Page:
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Thousands of Filipinos mourn Aquino’s death

Mourners wept as they paid their respects at the wake of former President Corazon Aquino on Sunday, with some pledging to carry on her legacy by protecting the democracy she helped install 23 years ago.

world Updated: Aug 03, 2009 02:45 IST

Mourners wept as they paid their respects at the wake of former President Corazon Aquino on Sunday, with some pledging to carry on her legacy by protecting the democracy she helped install 23 years ago.

Filipinos have been sensitive to any slide back toward autocratic rule since Aquino and Roman Catholic leader Cardinal Jaime Sin led the 1986 "people power" revolt that ousted longtime dictator Ferdinand Marcos.

Jose Olazo brought his 1-year-old grandson to Aquino's wake with a yellow band tied around the child's head. The color was a symbol of the nonviolent mass uprising that forced Marcos from power and into exile in the United States.

Olazo, a 53-year-old laborer and democracy activist, cried before the flag-draped casket of Aquino, who was in a yellow dress, with a rosary in her hands. He quietly vowed to continue safeguarding the democracy she helped implant after decades of brutal dictatorship. "He's the next-generation protester," Olazo said, pointing to his grandson James.

Olazo was among thousands of people who lined up for hours to pay their last respects to Aquino at a suburban Manila university stadium, where her coffin was displayed on a platform teeming with yellow roses and orchids.

Some mourners wept. Some held protest mementoes such as yellow ribbons and an old poster of Marcos.

Aquino, 76, died early Saturday in a Manila hospital after a yearlong battle with colon cancer, reminding many Filipinos of her role in bringing democracy to the country _ and of the effort needed to keep it intact.

Months before she was diagnosed with cancer, Aquino joined street protests organized amid opposition fears that President Gloria Macapagal Arroyo may amend the country's 1987 Constitution to lift term limits or impose martial law to stay in power when her term ends next year. Arroyo said she has no desire to extend her term. Ismita Maliakel, a nun from Kerala, India, who lined up to attend the wake, said Aquino's death was "a blow to democracy" but added she will continue to be a democratic symbol.

"Like Gandhi, she will be remembered in the Philippines," Maliakel said.

Arroyo declared a 10-day national mourning period starting on Saturday, and her aides said she will cut short a US trip. The Aquino family has opted for a private instead of a state funeral to be held on Wednesday.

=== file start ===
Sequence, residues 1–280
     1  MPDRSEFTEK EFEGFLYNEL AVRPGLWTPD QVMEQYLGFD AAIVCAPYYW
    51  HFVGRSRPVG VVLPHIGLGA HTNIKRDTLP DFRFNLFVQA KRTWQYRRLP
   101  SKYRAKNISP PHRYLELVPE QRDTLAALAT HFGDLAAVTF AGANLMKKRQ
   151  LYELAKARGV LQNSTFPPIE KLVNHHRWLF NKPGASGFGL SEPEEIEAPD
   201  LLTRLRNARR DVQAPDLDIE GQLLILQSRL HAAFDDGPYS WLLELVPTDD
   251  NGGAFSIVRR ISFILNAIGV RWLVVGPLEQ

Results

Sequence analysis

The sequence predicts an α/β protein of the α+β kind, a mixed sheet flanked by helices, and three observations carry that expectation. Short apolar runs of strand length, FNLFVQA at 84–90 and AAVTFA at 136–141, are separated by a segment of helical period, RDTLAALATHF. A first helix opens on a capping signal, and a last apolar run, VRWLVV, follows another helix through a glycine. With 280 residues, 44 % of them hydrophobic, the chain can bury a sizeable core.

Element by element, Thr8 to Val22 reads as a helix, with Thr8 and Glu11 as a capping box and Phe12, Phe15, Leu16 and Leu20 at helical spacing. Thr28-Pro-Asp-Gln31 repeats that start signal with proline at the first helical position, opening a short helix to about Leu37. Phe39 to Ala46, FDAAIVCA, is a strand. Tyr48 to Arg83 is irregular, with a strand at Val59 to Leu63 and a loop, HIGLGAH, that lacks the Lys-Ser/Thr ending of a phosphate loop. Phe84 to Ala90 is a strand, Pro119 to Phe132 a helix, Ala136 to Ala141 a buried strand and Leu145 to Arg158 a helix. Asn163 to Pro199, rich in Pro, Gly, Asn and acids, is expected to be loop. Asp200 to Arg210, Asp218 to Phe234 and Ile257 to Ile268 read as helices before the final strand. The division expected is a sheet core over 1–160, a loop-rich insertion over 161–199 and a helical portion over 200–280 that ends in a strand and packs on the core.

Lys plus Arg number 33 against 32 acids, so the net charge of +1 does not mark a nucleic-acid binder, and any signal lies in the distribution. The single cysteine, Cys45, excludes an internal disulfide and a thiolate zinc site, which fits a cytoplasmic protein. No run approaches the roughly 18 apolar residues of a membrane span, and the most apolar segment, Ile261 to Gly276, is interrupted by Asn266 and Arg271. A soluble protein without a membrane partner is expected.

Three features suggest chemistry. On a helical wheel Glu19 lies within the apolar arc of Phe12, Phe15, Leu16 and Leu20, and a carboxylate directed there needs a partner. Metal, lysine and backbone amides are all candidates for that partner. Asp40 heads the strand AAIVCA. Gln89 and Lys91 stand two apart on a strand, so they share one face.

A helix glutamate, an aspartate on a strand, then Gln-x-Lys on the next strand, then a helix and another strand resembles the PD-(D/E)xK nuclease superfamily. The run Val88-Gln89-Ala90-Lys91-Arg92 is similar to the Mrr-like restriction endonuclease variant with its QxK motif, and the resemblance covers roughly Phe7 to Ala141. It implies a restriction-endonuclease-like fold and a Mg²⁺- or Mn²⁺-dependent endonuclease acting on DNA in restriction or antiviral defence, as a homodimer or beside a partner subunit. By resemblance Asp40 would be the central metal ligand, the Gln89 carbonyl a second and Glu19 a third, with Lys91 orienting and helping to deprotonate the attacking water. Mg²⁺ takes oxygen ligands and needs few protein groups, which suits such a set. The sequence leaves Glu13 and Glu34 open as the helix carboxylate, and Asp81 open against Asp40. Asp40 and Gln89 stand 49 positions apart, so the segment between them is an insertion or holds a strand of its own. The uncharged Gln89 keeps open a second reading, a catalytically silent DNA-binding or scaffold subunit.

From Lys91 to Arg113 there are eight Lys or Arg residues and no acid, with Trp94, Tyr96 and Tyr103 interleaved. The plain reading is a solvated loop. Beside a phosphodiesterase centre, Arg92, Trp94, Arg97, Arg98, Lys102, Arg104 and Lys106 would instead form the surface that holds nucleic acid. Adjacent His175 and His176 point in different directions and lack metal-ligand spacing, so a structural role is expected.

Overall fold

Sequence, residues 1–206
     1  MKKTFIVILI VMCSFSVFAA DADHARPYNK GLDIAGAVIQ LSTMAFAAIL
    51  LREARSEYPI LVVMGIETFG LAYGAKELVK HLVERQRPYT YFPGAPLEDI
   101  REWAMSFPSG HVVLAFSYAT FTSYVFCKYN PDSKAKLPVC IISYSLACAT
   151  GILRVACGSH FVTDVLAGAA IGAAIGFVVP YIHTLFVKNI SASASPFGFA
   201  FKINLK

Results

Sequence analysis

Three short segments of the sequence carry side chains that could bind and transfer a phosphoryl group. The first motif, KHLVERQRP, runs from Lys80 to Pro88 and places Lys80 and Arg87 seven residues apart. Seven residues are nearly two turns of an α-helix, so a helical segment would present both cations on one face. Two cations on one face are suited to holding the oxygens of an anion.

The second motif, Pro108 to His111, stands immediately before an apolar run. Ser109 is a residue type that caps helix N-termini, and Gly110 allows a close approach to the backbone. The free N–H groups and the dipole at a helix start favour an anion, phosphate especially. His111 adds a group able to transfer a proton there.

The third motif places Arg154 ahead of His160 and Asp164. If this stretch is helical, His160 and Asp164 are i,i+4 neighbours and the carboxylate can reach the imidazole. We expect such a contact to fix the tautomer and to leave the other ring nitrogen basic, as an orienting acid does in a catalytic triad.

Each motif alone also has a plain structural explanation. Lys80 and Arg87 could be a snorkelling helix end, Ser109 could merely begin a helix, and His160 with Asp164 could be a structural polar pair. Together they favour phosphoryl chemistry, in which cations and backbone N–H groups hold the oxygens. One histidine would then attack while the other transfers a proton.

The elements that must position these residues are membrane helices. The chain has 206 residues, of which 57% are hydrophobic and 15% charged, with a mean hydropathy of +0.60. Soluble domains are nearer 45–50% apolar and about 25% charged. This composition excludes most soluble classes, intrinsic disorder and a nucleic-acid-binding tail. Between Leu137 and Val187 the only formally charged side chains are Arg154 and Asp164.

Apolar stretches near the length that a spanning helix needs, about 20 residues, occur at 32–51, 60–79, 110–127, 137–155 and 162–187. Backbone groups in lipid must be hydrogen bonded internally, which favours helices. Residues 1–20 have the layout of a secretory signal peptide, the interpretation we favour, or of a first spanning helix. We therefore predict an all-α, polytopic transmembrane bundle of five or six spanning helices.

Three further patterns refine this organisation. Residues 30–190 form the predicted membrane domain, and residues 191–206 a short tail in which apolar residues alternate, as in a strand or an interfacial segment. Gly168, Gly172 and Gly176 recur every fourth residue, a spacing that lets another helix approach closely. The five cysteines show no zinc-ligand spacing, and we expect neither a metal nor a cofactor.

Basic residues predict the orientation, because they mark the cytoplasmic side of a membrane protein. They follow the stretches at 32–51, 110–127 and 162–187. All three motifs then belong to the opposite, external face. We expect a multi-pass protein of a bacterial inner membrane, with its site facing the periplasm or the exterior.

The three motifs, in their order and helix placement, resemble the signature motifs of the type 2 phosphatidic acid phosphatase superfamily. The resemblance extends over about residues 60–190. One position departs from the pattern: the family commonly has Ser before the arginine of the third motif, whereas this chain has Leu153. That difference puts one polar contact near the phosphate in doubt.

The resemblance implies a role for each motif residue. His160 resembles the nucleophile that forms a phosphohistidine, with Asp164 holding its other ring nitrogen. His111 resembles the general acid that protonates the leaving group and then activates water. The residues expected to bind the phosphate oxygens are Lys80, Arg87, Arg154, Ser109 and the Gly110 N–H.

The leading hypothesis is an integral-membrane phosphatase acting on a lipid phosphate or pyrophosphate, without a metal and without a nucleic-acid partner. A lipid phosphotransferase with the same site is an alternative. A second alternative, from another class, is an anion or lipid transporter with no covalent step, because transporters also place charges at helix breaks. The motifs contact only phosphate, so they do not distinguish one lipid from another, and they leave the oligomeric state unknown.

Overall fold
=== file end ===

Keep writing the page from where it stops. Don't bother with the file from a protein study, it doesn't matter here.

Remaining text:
Pope Benedict XVI expressed his condolences to Aquino's family and the Philippine government, recalling her "courageous commitment to the freedom of the Filipino people, her firm rejection of violence and intolerance," according to Manila Archbishop Cardinal Gaudencio Rosales.

President Barack Obama was deeply saddened by Aquino's death, White House press secretary Robert Gibbs said on Saturday. South African President Jacob Zuma called Aquino "a great leader who set a shining example of peaceful transition to democracy in her country."

Marcos' widow, Imelda, and former leader Joseph Estrada also expressed sadness at Aquino's passing. Aquino helped depose Estrada over alleged corruption in the second nonviolent "People Power" revolt in 2001, but the two reconciled in recent years. He went to Aquino's wake with his family.

"Let us now unite in prayers for Cory, the Filipino people and for our country," the 80-year-old Marcos told reporters in a church in Manila's Tondo slum district.

Marcos publicly sought prayers for Aquino when she was ill. Weeks earlier, however, Marcos called Aquino a "usurper" and a "dictator."

Aquino rose to prominence after the assassination in 1983 of her husband, opposition leader Benigno "Ninoy" Aquino Jr A housewife who was reluctantly thrust into power, Aquino struggled in office to meet high public expectations. Her land redistribution program fell short of ending economic domination by the landed elite. Her leadership, especially in social and economic reform, was often indecisive, leaving many of her closest allies disillusioned by the end of her term.

Still, the bespectacled, smiling woman in her trademark yellow dress remained beloved in the Philippines, where she was affectionately referred to as "Tita (Auntie) Cory." "Our lives have not improved that much," said Olazo, the laborer. "But if Tita Cory did not restore democracy, I will not even be free to talk this much today."

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